There’s something about a fall evening that makes me just want to curl up on my sofa and stay inside. Partly it’s the early onset of darkness, as the sun sets quickly, even before I’ve had dinner. Partly it’s the rain, filling the sky with grey clouds and making the streets slick. Partly it’s sadness that my older son is no longer at home.
I actually had a plan tonight, to go hear an author talk about her book profiling 100 women entrepreneurs and artists. The book is filled with short interviews of accomplished, fashionable and creative women who have forged their way in the world of art, fashion, writing and business. I was looking forward to an inspirational talk. Maybe this talk would fire me up to do some of those creative projects I’ve been meaning to do. But I couldn’t muster the energy to go. I felt like it might take too much energy to hear about all these energetic women. So instead I decided to stay home, heat up some packaged Indian food from Costco, and have a glass of wine.
Fall is a busy time for most people and it certainly has been for me. I sent my oldest son, Miguel, off to college two months ago and then welcomed an exchange student from Spain for the next two months. Sending Miguel to college in New York city was difficult–so many memories, so much love. Having an exchange student for a few months distracted me from my emptiness. Now that she’s gone I am more aware of Miguel’s absence. He filled the house with energy and joy, always ready to tell me a story, ask me about my day or try a new recipe with me. There’s nothing that can replace my son’s presence. Instead, I reminisce about the special times we had and look forward to new ones ahead. In the meantime, Facetime is great. We talk several times a week and text frequently. I am confident our relationship is on steady footing. He’s gained his independence, living on the other side of the country, but we’re still intimately connected. That feels wonderful, even unexpected. I really didn’t know what to expect parenting an adult child.
The truth is, this new season of parenting has been revealing itself gradually. Like the houseplant I bought six months ago that is blooming little purple buds for the first time (and I just thought it was a plain green plant), my relationship with Miguel has grown and developed in the last few years. His first year in high school, I remembered being worried that he wasn’t getting out enough. He still preferred spending weekends with the family, watching cooking shows with me or playing golf with dad. By his last year of high school those days were long over. He was out of the house constantly with a job, sports and friends, and I spent many nights waiting up for him to come home. I’d often be a little annoyed that he was so late and my bedtime was delayed, but then all those feelings would be erased as we chatted about the day. He may have spent less time at home but our conversations were often richer. When I finally dropped him off at college this fall and we went out to an expensive dinner, I realized we were talking as two adults. He shared with me some of his dreams (lots of travel, eating at nice restaurants and marriage someday were some) and he and I observed the other diners around us just like my husband and I sometimes do when we’re out.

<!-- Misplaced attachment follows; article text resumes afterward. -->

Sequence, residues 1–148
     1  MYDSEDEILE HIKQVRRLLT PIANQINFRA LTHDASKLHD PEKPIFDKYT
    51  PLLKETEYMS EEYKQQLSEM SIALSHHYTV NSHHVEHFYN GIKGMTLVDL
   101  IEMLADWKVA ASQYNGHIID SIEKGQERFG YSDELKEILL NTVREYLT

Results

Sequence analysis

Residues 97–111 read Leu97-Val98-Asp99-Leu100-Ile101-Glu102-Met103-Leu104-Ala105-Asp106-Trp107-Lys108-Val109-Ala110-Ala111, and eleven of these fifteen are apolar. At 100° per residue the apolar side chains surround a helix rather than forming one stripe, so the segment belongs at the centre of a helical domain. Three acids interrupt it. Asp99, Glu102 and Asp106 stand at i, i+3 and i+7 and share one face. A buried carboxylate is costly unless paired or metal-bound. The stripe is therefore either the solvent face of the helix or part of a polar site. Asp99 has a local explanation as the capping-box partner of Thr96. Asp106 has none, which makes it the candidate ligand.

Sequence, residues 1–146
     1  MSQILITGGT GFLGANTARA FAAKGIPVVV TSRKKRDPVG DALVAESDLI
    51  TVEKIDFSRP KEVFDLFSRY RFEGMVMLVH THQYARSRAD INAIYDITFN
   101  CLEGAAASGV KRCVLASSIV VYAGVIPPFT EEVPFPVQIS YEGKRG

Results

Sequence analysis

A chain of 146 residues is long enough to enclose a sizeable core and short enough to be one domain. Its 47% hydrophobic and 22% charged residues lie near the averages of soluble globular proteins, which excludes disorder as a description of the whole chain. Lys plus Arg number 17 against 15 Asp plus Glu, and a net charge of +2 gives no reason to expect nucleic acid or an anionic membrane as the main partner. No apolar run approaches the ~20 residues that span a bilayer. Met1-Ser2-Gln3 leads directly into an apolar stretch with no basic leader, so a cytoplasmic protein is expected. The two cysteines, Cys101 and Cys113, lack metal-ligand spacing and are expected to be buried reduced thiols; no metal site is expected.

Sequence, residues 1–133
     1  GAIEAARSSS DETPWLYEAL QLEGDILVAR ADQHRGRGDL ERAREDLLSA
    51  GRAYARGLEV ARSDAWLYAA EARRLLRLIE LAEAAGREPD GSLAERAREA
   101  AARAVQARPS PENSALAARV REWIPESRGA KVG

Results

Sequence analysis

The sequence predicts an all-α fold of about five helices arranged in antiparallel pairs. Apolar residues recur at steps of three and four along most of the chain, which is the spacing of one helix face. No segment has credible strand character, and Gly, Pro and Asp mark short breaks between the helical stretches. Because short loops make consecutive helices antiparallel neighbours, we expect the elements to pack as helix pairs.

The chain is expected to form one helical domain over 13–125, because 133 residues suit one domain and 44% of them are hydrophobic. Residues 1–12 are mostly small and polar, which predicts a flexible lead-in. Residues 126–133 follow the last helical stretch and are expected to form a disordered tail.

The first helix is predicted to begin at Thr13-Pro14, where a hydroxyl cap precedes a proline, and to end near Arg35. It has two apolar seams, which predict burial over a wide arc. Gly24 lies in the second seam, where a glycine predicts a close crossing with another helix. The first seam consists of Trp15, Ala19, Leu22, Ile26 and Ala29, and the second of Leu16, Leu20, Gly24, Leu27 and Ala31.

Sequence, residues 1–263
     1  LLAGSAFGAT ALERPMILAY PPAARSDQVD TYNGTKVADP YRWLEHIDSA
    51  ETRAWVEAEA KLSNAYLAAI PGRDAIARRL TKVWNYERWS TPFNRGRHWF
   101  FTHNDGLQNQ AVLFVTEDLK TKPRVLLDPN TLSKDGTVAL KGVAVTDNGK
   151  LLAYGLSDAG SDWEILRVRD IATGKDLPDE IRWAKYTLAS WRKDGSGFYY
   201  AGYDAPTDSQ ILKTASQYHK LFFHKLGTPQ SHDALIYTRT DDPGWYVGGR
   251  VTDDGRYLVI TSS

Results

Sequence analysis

As for Miguel, he seems to be doing well on his own. He’s been kayaking on the Hudson River, been to a few concerts in Central Park—one with Cat Stevens, taken trips to Philadelphia and Amherst, Massachusetts, and located some excellent late night food destinations. More importantly, he gets along well with his roommates and is enjoying his studies, especially his screenwriting class. His high school girlfriend is nearby at another New York city school and she’s been a good companion through it all. He misses home a bit—his parents, his brother and his dog—and sometimes yearns for the natural beauty of California.
I now calculate life a little differently. How will I make it through Thanksgiving without Miguel? Or his birthday right after that? How long is it until winter break? Fortunately, life’s response to these questions (or God’s perhaps) is often sweet. I have another son at home who fills my life with warmth and new adventures. In December he and I will be going to Austin, Texas to visit an online friend he’s known for three years but never met. It’s the second time my younger son has cultivated a friendship with someone from Texas. Meeting his first friend turned out to be a great experience–and they’ve continued to be good friends. Hopefully this one will follow suit. If there’s one thing I’ve learned from parenting, it’s that you don’t stay in one state of mind very long. You never know what new thing may come your way. I’ve grown to like that.